ETI menus

Creating and freeing menus

Once you create the items for your menu, you can create the menu itself. To create and initialize a menu, you use function new_menu.


   MENU * new_menu (items)
   ITEM ** items;
The argument to new_menu is a NULL-terminated, ordered array of ITEM pointers. These pointers define the items on the menu. Their order determines the order in which the items are visited during menu driver processing, described below.

Function new_menu does not copy the array of item pointers. Instead, it saves the pointer to the array for future use.

NOTE: Once your application program has called new_menu, it should not change the array of item pointers until the menu is freed by free_menu or the item array is replaced by set_menu_items, described below.

Items passed to new_menu are connected to the menu created. They cannot be simultaneously connected to another menu. To disconnect the items from a menu, you can use function free_menu or function set_menu_items, which changes the items connected to a menu from one set to another. See ``Fetching and changing menu items''.

If successful, new_menu returns a pointer to the new menu. The following error conditions hold:

In addition, if new_menu's argument items is NULL, as in
   MENU * m;

m = new_menu ((MENU *) 0);

it creates the menu with no items connected to it and assigns the menu pointer to m.

The menu pointer returned by new_menu is the key to working with all menu routines. You pass it to the appropriate menu routine to do such tasks as post menus, call the menu driver, set the current item, and record or examine menu attributes.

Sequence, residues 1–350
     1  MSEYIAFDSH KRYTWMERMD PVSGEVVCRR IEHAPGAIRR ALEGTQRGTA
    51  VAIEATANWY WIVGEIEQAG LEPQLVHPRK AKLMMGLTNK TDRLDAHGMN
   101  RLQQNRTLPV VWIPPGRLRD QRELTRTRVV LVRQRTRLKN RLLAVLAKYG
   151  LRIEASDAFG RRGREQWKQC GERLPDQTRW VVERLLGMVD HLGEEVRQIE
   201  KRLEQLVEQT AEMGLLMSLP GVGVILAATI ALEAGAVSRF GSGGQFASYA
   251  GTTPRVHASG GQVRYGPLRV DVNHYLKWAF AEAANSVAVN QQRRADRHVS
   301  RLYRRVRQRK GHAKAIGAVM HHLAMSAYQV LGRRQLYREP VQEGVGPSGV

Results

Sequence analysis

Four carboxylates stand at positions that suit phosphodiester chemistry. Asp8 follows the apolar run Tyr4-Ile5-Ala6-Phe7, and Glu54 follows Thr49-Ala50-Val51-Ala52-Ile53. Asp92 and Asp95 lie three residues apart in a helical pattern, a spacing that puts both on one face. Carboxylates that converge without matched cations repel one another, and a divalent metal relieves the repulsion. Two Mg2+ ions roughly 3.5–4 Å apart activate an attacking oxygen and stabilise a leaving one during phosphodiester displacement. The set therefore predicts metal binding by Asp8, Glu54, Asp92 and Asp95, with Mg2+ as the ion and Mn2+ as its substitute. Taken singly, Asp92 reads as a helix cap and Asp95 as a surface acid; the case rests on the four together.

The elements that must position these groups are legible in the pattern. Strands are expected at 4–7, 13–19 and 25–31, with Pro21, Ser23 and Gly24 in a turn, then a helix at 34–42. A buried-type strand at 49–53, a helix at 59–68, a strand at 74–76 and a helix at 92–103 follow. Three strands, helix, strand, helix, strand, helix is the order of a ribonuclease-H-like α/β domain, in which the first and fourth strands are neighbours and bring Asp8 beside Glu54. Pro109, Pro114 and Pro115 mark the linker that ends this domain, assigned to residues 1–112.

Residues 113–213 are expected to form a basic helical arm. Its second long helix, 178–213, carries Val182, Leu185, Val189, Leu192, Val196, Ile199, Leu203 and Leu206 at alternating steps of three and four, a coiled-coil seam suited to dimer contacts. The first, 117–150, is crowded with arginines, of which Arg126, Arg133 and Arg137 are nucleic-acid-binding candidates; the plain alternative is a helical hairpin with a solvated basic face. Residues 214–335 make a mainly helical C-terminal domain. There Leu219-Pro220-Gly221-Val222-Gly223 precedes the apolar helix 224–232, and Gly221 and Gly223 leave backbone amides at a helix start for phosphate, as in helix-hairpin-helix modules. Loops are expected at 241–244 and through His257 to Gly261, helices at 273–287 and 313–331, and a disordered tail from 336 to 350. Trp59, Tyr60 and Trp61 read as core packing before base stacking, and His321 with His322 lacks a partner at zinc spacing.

Turn again to ``Sample menu program to create a menu in ETI'' for an example showing how to create a menu. In general, you want to use a while loop as illustrated to create the menu items and assign the item pointers to the item pointer array. Note the NULL terminator assigned to the item pointer array before the menu is created with new_menu

When you no longer need a menu, you should free the space allocated for it. To do this, you use function free_menu.


   int free_menu (menu)
   MENU * menu;
Function free_menu takes as its argument a menu pointer previously obtained from new_menu. It disconnects all items from the menu and frees the space allocated for the menu. The items associated with the menu are not freed, however, because you may want to connect them to another menu. If not, you can free them by calling free_item.

Remember that once a menu is freed, you must not pass its menu pointer to another routine. If you do, undefined results occur.

If successful, calls to free_menu return E_OK. If free_menu encounters an error, it returns one of the following:

NULL menu pointer

menu is posted

system error
For E_POSTED, see ``Posting and unposting menus''.
Next topic: Manipulating menu attributes
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